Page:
Sunday, July 19, 2009

Book review: Good to Great by Jim Collins

Good to Great: Why some companies make the jump… and others don’t – Jim Collins

Jim Collins and his research team set out to answer the questions, “can a good company become a great company?” and “if they can, how?”. By studying countless articles, interview transcripts and data, the research team came up with a definition of a ‘great’ company. The team would study two companies that started off in similar situations with similar future prospects but in one point in time (what they call the transition point) one company skyrocketed while the other withered. The great company (the one that skyrocketed) is compared to the comparison company (the one that underperformed). The results are the basis of this book. The chapters explain concepts and principles that were consistent among all the great companies but lacking in the comparison companies.
Companies such as Wells Fargo, Gillette and Circuit City (among many others) are analysed throughout the chapters. The book concludes with a very insightful FAQ section and wealth of information in the appendices.

What I gained from reading this book:
I read this book expecting it to be very similar to The E-Myth. It turned out to be very different. I am still undecided if I like this book or not. While I could clearly see that much effort has gone into the research, I’m not too convinced on the value of the results. Some concepts seemed so obvious that it seemed a waste of time to read about them.
The main problem I had with this book is the way the concepts were explained. Phrases such as ‘Getting the right people on the bus’, ‘the hedgehog concept’, ‘the three circles’, ‘grasp the flywheel, not the doom loop’, ‘level 5 managers’ pretty much sum up the type of lingo used throughout the entire book. I was expecting straight forward explanations and was disappointed to find that most explanations followed the lines of ‘make sure you get the right people on the bus in the right seats and the wrong people off the bus’. While using metaphors continuously may work for some people, it sure didn’t work for me.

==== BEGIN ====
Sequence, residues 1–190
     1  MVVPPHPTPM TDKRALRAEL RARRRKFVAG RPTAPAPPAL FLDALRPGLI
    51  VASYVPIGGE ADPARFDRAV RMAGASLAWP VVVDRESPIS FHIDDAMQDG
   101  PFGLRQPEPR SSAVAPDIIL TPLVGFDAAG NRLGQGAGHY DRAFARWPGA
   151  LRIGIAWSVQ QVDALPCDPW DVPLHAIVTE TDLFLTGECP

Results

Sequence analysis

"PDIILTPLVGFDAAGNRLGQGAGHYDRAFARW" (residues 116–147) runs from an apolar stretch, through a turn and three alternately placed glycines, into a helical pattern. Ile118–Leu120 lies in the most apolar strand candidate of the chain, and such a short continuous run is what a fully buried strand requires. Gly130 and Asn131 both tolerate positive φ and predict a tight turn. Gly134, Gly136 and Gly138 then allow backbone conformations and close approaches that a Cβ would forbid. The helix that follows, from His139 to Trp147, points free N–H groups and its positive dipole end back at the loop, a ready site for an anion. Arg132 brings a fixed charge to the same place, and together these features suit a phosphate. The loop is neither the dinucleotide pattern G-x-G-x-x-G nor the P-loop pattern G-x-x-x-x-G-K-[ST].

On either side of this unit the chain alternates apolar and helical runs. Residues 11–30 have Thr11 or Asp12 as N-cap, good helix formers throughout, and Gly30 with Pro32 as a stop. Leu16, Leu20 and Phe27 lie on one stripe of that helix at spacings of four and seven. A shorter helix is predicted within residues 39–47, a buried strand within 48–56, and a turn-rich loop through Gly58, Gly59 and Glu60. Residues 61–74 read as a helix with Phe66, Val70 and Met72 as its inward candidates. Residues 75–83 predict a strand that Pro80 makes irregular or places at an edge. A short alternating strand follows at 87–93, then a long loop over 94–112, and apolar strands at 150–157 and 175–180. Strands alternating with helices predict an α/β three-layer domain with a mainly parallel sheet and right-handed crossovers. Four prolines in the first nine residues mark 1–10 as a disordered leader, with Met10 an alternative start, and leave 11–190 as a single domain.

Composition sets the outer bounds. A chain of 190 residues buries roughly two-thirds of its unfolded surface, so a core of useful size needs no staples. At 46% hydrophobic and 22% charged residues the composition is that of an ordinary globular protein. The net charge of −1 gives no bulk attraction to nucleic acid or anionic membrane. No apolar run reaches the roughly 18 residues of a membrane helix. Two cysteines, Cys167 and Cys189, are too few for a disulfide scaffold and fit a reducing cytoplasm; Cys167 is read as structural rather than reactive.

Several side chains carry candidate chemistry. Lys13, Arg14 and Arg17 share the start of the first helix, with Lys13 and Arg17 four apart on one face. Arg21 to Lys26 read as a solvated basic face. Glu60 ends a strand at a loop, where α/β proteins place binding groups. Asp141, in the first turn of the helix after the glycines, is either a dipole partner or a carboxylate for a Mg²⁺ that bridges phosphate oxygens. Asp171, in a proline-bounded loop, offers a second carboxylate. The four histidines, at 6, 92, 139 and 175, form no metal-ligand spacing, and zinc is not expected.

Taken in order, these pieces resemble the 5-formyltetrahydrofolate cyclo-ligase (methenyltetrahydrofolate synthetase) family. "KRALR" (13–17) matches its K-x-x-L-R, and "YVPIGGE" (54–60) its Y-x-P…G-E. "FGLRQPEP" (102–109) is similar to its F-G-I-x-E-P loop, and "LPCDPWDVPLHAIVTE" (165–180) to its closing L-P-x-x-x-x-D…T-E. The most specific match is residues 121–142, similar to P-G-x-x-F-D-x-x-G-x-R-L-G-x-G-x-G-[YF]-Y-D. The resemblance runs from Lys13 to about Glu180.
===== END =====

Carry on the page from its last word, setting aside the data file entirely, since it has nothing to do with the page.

Most people could probably guess the principles and values the great companies have before even picking up the book. So I was not impressed when I came across the part where the author explains why the company that gave the executives lavish perks in expensive buildings underperformed the disciplined company that cut executive’s pay 75% when times became tough and ran the business in a dental sized suite.
Although I do feel that most of the findings could have been explained better on a single A4 sheet of paper, I did enjoy reading this book (only some parts). For example: hearing about Walgreens and how they crammed so many stores in a small area and why was very interesting.

Provides insight into many great companies and their culture. Very thorough explanations on the principles and concepts. Plenty of information in the appendices.

Most concepts and principles are obvious before even reading the book. A lot of buzz words and metaphors are used that may distract rather than assist. The viability of the study and the results is questionable.

Recommended for: Small business owners
I recommend this book for small business owners to get a better understanding of the types of principles and values they should apply to their business. Although many of the principles are obvious and common sense, it always helps to read up about them to help you apply them.

Genre: Business

Overall rating: 6 out of 10 stars
Australians can buy the book by clicking the picture below:
Good to Great

Where to from here:
I recommend reading The E-Myth: Revisited instead of this book. Read my review to understand why.

If you have read this book, feel free to give it your own rating by posting a comment below.

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